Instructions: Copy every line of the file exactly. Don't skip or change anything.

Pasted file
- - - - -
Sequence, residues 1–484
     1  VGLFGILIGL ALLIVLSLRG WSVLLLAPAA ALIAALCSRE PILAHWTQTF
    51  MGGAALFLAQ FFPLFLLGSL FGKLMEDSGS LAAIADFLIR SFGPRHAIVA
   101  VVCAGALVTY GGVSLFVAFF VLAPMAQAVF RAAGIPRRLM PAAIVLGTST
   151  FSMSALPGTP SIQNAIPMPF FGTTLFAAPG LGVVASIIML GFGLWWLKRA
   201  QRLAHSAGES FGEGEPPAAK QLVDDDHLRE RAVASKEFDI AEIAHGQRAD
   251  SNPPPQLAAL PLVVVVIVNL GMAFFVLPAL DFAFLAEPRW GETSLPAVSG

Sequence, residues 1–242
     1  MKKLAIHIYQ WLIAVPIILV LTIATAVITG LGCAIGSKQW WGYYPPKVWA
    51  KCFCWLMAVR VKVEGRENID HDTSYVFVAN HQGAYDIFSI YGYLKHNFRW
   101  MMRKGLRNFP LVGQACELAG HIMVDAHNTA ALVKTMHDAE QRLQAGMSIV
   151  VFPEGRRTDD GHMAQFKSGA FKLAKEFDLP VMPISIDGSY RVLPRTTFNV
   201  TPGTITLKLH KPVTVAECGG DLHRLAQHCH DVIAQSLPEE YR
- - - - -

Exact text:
Sequence, residues 1–484
     1  VGLFGILIGL ALLIVLSLRG WSVLLLAPAA ALIAALCSRE PILAHWTQTF
    51  MGGAALFLAQ FFPLFLLGSL FGKLMEDSGS LAAIADFLIR SFGPRHAIVA
   101  VVCAGALVTY GGVSLFVAFF VLAPMAQAVF RAAGIPRRLM PAAIVLGTST
   151  FSMSALPGTP SIQNAIPMPF FGTTLFAAPG LGVVASIIML GFGLWWLKRA
   201  QRLAHSAGES FGEGEPPAAK QLVDDDHLRE RAVASKEFDI AEIAHGQRAD
   251  SNPPPQLAAL PLVVVVIVNL GMAFFVLPAL DFAFLAEPRW GETSLPAVSG

Sequence, residues 1–242
     1  MKKLAIHIYQ WLIAVPIILV LTIATAVITG LGCAIGSKQW WGYYPPKVWA
    51  KCFCWLMAVR VKVEGRENID HDTSYVFVAN HQGAYDIFSI YGYLKHNFRW
   101  MMRKGLRNFP LVGQACELAG HIMVDAHNTA ALVKTMHDAE QRLQAGMSIV
   151  VFPEGRRTDD GHMAQFKSGA FKLAKEFDLP VMPISIDGSY RVLPRTTFNV
   201  TPGTITLKLH KPVTVAECGG DLHRLAQHCH DVIAQSLPEE YR